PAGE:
Honolulu Star-Advertiser

Tuesday, May 28, 2024 77° Today's Paper


Top News

Judge rejects defense efforts to dismiss Hunter Biden’s gun case

ASSOCIATED PRESS / MARCH 29
                                First lady Jill Biden waves as she walks with Hunter Biden, to board Air Force One at John F. Kennedy International Airport, last month in New York.
1/1
Swipe or click to see more

ASSOCIATED PRESS / MARCH 29

First lady Jill Biden waves as she walks with Hunter Biden, to board Air Force One at John F. Kennedy International Airport, last month in New York.

WASHINGTON >> A federal judge in Delaware refused today to throw out a federal gun case against Hunter Biden, rejecting the president’s son’s claim that he is being prosecuted for political purposes as well as other arguments.

U.S. District Judge Maryellen Noreika denied defense efforts to scuttle the prosecution charging Hunter Biden with lying about his drug use in October 2018 on a form to buy a gun that he kept for about 11 days.

Hunter Biden’s lawyers had argued the case was politically motivated and asserted that an immunity provision from an original plea deal that fell apart still holds. They had also challenged the appointment of special counsel David Weiss, the U.S. attorney in Delaware, to lead the prosecution.

Noreika, who was appointed to the bench by former President Donald Trump, has not yet ruled on a challenge to the constitutionality of the gun charges.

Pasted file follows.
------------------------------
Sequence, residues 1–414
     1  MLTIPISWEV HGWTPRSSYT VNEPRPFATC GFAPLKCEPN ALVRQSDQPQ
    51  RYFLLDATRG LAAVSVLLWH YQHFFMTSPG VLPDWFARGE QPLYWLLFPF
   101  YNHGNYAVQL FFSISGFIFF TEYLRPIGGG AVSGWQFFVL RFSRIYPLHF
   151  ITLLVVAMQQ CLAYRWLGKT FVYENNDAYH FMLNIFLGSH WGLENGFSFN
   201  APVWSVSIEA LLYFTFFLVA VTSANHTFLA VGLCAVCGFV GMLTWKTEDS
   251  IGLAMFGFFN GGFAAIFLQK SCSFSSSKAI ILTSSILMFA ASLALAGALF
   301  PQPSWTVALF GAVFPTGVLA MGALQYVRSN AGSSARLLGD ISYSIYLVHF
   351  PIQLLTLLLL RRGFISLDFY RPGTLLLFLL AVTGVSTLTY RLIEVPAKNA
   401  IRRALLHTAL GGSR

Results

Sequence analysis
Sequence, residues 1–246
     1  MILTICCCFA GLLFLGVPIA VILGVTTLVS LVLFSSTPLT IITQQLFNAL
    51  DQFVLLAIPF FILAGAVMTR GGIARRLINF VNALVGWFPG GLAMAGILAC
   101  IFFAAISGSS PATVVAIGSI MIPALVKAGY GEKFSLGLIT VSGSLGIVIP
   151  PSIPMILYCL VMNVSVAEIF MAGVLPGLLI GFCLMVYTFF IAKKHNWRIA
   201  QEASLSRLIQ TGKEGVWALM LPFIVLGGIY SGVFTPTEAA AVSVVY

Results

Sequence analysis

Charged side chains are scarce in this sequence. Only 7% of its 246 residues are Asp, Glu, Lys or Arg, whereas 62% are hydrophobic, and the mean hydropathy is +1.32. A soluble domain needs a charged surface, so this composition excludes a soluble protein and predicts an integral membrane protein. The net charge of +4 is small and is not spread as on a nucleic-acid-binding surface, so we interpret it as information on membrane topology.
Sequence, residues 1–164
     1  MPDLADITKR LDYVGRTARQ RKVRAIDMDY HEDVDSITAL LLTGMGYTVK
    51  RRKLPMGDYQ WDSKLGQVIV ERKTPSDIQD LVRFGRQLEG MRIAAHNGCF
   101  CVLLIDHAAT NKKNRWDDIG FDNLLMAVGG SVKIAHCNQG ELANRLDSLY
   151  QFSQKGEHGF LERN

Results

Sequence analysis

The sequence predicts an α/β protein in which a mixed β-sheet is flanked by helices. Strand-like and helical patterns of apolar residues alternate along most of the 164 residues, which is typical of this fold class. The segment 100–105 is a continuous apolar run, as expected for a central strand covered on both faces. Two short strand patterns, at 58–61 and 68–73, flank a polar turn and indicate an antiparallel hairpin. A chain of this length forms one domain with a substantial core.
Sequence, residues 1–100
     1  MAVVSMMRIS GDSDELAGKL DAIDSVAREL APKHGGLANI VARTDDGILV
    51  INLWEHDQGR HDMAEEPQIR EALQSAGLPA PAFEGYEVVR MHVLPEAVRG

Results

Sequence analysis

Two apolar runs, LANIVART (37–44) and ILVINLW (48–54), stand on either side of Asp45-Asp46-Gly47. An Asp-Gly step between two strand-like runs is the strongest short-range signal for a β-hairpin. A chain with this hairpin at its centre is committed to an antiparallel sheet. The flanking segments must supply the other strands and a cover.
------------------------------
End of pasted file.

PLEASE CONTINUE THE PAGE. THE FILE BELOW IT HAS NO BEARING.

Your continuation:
Hunter Biden faces separate tax counts in Los Angeles alleging he failed to pay at least $1.4 million in taxes over three years while living an “extravagant lifestyle,” during his days of using drugs. The judge overseeing that case refused to dismiss the charges earlier this month.

Biden has pleaded not guilty in both cases. A representative for his legal team didn’t immediately respond to a request for comment today.

The president’s son has acknowledged struggling with an addiction to crack cocaine during that period in 2018, but his lawyers have said he didn’t break the law and another nonviolent, first-time offender would not have been charged.

Defense attorney Abbe Lowell had argued Hunter Biden was “selectively charged” for improper political purposes. They argued that Weiss “buckled under political pressure” to indict the president’s son amid criticism of the plea deal from Trump and other Republicans.

Norieka said in her ruling that Biden’s team provided “nothing concrete” to support a conclusion that anyone actually influenced the special counsel’s team.

“The pressure campaign from Congressional Republicans may have occurred around the time that Special Counsel decided to move forward with indictment instead of pretrial diversion, but the Court has been given nothing credible to suggest that the conduct of those lawmakers (or anyone else) had any impact on Special Counsel,” the judge wrote. “It is all speculation.”

By participating in online discussions you acknowledge that you have agreed to the Terms of Service. An insightful discussion of ideas and viewpoints is encouraged, but comments must be civil and in good taste, with no personal attacks. If your comments are inappropriate, you may be banned from posting. Report comments if you believe they do not follow our guidelines. Having trouble with comments? Learn more here.